Activated charcoal from coconut shells is a natural body deodorizer that also has cleansing and exfoliating properties. As it’s highly absorbent, it may help draw dirt from the pores, so this is a handy soap for very active/athletic people or those who live in urban areas.

Storage Tips: Activated charcoal should be stored in a container [NOT a bag] with a securely closed lid. By keeping it airtight, charcoal will not attract pollutants. Well-stored charcoal has an indefinite shelf life.

Also, when opening the container of charcoal, do so slowly and carefully due to the fineness of this ingredient. If you open it too quickly, you might spill some. If so, clean the surface right away!

charcoalcherry
Activated Charcoal Soap

As you can see, the color is jet black yet the suds are nice and white. Using any type of clear melt and pour glycerin soap base is recommended if you want this dramatic color. Another advantage to this type of soap is that you don’t have to be concerned about a fragrance or essential oil changing the color.

In my eBook I include two [2] different recipes for soap that contains activated charcoal. Yes, I love the stuff!

Read more about activated charcoal and other wonderful additives in this one of a kind eBook! Organic and Sulfate Free Melt and Pour Glycerin Soap Crafting Recipes

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fragrances

Looking for a Soap Crafting Supplier?

By Lisa Maliga copyright 2015

soap base
Soap Bases

This is an excerpt from Chapter 8 of my latest eBook, Organic and Sulfate Free Melt and Pour Glycerin Soap Crafting Recipes.

I used to buy my herbs, soap bases, molds and oils from suppliers in buildings rather than online. Nowadays, I order online because I make soap part time and don’t sell it. Over the years, I’ve learned what makes a good supplier — one that you will order from repeatedly.

Website:

It helps if the site is visually appealing, showing photos of their supplies. How well laid out is the site? Does it have a prominently placed search feature? Can you find the type of soap base you need? Are the soap base’s ingredients listed? What other products are available from fragrances to molds to packaging?

Prices:

fragrances
Fragrances & Essential Oils

This is where you’ll want to shop around to compare where you can get the best value. Do they sell their soap by the pound, two-pound container, or only in larger quantities? Keep a list either on a computer document or on a pad of paper and write down the amounts that a given supplier charges. Do they have a sale page; a closeout section/discontinued products area? Perhaps they have a customer rewards program that will help if you plan to purchase a lot of soap. Do they offer coupons, discounts or free shipping? Is there an order minimum? By scrutinizing the site, you may end up saving money. If you’re a newbie to soap crafting, it’s practical to order the smallest sizes available so that you don’t end up with products that you never use or have to sell/give away.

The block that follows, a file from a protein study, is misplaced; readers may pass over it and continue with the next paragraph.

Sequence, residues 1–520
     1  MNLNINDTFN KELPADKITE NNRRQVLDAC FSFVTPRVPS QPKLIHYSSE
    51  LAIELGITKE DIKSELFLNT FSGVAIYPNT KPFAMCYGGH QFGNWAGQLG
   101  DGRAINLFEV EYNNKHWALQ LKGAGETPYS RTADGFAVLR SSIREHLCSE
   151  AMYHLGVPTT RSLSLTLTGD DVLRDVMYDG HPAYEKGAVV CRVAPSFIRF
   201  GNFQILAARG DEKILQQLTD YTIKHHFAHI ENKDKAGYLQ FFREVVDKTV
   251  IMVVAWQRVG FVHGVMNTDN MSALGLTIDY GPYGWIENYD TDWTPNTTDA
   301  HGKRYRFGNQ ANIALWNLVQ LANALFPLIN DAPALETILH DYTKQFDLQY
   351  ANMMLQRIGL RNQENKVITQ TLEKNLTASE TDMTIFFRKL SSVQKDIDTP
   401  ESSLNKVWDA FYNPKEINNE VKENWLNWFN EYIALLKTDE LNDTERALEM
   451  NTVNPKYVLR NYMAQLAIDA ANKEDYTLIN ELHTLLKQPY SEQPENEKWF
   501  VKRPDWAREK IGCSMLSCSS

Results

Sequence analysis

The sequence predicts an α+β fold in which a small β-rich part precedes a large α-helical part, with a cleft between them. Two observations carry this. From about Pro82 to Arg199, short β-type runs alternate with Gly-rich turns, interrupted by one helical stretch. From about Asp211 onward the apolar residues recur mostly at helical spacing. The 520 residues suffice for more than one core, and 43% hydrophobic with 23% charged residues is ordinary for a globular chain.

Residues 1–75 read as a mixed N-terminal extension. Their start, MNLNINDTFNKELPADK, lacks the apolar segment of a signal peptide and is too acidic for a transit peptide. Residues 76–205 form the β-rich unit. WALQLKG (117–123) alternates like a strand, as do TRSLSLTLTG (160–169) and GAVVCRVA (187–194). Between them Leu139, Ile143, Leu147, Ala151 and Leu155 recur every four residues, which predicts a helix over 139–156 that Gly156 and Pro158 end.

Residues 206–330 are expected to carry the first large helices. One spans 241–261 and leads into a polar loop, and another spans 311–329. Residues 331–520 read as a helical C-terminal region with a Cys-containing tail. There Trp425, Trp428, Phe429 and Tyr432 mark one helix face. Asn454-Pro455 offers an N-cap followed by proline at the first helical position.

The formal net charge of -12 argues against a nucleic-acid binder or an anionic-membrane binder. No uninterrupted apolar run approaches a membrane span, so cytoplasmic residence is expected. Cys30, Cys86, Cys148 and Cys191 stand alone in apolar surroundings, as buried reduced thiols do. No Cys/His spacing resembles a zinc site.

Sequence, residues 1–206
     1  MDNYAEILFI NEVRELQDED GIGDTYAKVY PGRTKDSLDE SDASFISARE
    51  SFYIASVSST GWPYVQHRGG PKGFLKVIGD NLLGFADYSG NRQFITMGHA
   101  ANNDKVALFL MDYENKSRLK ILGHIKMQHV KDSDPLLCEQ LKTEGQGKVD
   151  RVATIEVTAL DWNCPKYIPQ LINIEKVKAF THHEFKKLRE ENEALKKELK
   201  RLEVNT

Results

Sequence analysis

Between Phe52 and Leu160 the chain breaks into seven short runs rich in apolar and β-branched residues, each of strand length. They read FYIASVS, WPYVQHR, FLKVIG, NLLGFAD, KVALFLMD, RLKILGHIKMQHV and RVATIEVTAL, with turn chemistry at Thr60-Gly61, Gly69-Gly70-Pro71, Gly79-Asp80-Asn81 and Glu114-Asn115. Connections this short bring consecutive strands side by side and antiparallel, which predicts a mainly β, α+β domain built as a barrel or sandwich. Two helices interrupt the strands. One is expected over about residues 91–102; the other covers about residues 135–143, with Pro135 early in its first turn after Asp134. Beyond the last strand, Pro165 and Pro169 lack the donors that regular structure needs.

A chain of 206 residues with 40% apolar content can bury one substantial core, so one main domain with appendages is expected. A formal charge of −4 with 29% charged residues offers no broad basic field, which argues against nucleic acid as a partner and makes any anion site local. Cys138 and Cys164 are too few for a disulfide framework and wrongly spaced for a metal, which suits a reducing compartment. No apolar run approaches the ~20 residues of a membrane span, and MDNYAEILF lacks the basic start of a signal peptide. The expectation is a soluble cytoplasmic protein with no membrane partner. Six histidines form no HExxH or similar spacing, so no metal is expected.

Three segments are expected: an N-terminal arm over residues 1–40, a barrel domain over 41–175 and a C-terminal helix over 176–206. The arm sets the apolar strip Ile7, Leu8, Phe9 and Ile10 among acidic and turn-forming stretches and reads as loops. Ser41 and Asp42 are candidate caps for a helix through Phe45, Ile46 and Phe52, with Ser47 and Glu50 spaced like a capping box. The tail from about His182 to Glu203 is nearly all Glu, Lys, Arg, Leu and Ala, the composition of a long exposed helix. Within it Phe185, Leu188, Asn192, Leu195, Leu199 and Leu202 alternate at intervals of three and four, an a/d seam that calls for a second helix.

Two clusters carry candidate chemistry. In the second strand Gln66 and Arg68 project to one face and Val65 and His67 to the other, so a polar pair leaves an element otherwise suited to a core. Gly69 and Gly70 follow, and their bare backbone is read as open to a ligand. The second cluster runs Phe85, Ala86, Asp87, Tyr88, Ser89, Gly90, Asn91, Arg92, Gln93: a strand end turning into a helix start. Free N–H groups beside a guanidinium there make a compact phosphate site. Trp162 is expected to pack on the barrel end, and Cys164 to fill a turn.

Variety of Products:

Large suppliers like Brambleberry.com carry an array of products. This is the ultimate convenience in one-stop-shopping. If you’re just starting out and have to buy most of your soap bases, scents, molds, colorants, etc. you can also fill your shopping cart with way more than originally anticipated, so be careful.

Types of Payment:

Do they accept PayPal, major credit cards, eChecks, money orders, cashier’s checks, C.O.D. or other payment options? Can you snail mail them a check? Do they accept international orders? Do you need to register to make a purchase or can you bypass registration? Can you order online, via phone, fax, snail mail or email?

About the Company:

How long have they been in business? Are they online only or do they have a storefront? Do they provide free soap making/soap crafting resources? Does the owner or owners make soap and have an extensive background in soap/bath and body products crafting? Do they have a blog? If so, how frequently is it updated? Are they on social media sites like Facebook, Pinterest, Twitter, LinkedIn, Instagram, etc? Do they offer discounts or coupons? Are there free video tutorials, and/or recipes? Do they sell eBooks and books?

Organic and Sulfate Free Melt and Pour Glycerin Soap Crafting Recipes lisa maligaFind out more about suppliers and soap crafting here: Organic and Sulfate Free Melt and Pour Glycerin Soap Crafting Recipes